Has The IAB Lost Its Way?
One recent priority for the IAB Tech Lab, the nonprofit research and development group that creates technical OpenRTB standards and software, has been to engage browser operators and mobile operating systems on a collaborative identity product that would work for tracking and advertising on the web like mobile device IDs do for Google Android and the Apple iOS ecosystem.
“It’s more and more apparent that these efforts will not deliver,” said one IAB Tech Lab working group member.
Browser engineers from Microsoft, Google, Apple and Mozilla are fine-tuning policies and tech in the W3C, the international standards body that maintains the World Wide Web. And there isn’t much consideration there for publishers or advertising technology.
“The W3C is a venue for discussions of proprietary approaches,” Mitchell said.
In other words, those browsers are working on their own data and privacy features, but not technology to identify or connect users across browsers and devices.
Costs and cash are up
Frustration is also mounting because IAB membership costs are going up, even as publishers see less influence within the trade group.
Starting next year, the IAB is changing its payment structure, adding 3% to the 2019 rates and another 3% per year moving forward, after freezing rates this year, according to three IAB members. The new payment structure means members can forecast rates years ahead, compared to previously when fees were pegged to annual revenue reports – which many members downplayed to keep rates low.
Last year, the IAB Europe more than tripled the cost of a technology vendor to register as a consent management platform (CMP), companies that are accredited to pass consent data from publishers to ad tech.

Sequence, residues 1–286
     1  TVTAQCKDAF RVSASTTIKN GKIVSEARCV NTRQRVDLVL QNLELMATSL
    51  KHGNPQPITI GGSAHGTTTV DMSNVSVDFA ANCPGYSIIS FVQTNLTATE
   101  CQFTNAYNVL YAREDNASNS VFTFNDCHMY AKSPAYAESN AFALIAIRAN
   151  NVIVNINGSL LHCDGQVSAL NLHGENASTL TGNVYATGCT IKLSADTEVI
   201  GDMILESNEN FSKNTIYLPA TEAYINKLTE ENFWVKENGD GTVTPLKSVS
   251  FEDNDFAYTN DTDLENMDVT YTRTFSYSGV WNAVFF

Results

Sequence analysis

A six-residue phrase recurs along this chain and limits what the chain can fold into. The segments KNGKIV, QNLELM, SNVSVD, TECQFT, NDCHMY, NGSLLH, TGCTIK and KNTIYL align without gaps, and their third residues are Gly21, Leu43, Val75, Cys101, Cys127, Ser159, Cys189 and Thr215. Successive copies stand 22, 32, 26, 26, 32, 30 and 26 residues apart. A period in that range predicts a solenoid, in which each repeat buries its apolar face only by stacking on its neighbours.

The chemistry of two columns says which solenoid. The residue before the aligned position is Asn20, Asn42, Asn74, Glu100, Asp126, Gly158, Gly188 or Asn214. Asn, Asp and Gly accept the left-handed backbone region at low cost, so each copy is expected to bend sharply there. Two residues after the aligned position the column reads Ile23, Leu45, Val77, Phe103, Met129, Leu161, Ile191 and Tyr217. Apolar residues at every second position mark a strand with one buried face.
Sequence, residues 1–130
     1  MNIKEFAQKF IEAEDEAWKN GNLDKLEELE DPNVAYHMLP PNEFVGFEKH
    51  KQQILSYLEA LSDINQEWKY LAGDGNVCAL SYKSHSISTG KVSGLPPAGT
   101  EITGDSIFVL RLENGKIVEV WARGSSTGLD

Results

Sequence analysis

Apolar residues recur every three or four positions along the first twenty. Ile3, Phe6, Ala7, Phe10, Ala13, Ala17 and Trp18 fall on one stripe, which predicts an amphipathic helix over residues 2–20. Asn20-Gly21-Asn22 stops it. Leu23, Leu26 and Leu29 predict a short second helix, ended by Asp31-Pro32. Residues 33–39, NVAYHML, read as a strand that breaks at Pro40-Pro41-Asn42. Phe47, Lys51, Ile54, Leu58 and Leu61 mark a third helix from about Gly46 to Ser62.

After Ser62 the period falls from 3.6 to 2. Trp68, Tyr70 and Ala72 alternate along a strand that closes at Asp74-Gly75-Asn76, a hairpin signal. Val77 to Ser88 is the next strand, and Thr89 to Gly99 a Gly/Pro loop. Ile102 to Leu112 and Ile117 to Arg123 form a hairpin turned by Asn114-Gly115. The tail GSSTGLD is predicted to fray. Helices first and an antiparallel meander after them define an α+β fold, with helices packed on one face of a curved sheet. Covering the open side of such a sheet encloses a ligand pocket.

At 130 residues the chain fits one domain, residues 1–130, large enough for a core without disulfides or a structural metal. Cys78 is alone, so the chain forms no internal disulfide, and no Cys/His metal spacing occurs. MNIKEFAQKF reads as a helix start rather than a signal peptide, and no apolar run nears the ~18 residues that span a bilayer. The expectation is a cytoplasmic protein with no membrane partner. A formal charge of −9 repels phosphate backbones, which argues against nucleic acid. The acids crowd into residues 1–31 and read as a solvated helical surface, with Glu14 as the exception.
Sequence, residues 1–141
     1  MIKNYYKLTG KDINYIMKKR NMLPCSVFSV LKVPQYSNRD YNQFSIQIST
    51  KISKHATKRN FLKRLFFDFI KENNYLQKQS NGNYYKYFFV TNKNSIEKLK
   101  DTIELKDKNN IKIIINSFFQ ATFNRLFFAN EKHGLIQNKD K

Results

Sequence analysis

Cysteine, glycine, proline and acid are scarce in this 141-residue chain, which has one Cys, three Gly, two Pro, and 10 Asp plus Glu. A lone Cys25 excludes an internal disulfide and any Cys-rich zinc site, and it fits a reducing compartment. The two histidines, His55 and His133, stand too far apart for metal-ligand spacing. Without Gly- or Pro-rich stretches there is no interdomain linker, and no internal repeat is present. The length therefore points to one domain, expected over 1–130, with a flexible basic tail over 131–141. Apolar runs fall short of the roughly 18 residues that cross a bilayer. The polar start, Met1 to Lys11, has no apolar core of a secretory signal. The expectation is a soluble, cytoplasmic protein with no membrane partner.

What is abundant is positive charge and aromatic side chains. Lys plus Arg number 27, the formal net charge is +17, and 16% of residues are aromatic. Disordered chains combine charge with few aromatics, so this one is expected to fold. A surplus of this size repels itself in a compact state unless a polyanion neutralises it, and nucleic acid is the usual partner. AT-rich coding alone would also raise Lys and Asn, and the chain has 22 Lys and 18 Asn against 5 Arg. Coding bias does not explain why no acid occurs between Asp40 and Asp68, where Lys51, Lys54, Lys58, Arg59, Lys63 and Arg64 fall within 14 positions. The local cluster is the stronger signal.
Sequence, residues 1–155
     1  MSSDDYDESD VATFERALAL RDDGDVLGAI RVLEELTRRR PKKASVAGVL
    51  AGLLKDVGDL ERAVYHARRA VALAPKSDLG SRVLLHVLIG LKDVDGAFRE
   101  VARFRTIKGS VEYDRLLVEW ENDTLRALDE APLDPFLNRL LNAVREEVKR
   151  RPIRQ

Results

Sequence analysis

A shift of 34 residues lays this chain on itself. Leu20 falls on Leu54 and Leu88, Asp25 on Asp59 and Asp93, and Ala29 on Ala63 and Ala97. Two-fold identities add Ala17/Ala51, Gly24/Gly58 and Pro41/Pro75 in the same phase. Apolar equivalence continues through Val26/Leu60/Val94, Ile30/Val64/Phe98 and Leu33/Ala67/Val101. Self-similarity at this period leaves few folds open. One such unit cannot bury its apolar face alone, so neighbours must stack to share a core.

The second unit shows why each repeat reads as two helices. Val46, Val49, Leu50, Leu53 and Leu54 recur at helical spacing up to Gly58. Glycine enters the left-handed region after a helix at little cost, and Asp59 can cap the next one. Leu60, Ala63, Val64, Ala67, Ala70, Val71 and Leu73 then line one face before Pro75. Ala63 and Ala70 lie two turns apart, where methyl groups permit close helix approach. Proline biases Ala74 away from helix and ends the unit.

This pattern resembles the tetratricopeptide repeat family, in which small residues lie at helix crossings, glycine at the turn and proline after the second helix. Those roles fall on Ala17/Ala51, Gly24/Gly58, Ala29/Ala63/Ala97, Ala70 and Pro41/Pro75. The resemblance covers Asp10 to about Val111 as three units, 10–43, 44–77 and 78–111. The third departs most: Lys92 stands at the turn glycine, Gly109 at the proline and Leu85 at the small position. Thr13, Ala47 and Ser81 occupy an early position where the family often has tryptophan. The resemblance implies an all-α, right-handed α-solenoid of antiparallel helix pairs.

That was an expected price increase – the rate was cheap at first because the IAB Europe wanted a wave of vendors to quickly fill out the registry. But the European nonprofit organization told AdExchanger at the time that it underestimated the costs of the CMP program, with regular vendor audits and the mounting costs of privacy lawyers to negotiate with Google.
Digital media trade costs are rising. This is a heyday for data privacy lawyers because organizations like the IAB are overhauling internet policies and increasing their lobbying efforts in Europe and America.
But the more the IAB leans on its largest, most profitable members, the less meaningful it feels for the bulk of publisher and ad tech companies.
The seven biggest sponsors of the IAB’s Annual Leadership Meeting, its largest annual trade conference, are AT&T’s Xandr, Media.net, which is owned by a Chinese technology conglomerate, Google, Facebook, Hulu, Verizon Media and Ampersand, a joint venture owned by Comcast, Charter and Cox.
The IAB’s membership reflects what’s happening to the internet, where consumption has been hoovered up by the biggest online platforms and telco-entertainment giants.
“The problem is publishers and the open web are no longer the representation,” said one publisher exec.
Instead of focusing on its original core constituency, the IAB has tried to grow membership in other ways, said one IAB board member.
Welcome, brands and all
Almost exactly one year ago, the IAB added its first brand member with the DTC contact lens company Hubble.
Since then, the trade group has added more than 100 brand members, such as Ocean Spray, Hershey, AB InBev and Brooklinen.
Beyond the boost to membership ranks, the IAB makes sense as a trade body for many product brands, retailers and DTC brands that have their own media and data operations, said one IAB board member. For some DTC and retail companies, the internal mar tech and identity graphs are the linchpin of the business, and could be on par with commercial vendors.
“Their voices should be part of the organization,” the board member said.
Adding more stakeholder categories to the IAB could ratchet up the overcrowded tension within the organization.
In February 2015, the IAB held its first Annual Leadership Meeting with technology vendors as voting members. And that marked an inflection point for the organization.
Publishers may reach a point – many are there already – where they decide the only solution to dealing with Google, Amazon or Facebook is antitrust action or to openly fight their policies, according to three news publisher IAB members.
“Five years ago the obvious thing to do would be to take it to the IAB,” she said. “Where does that go now?”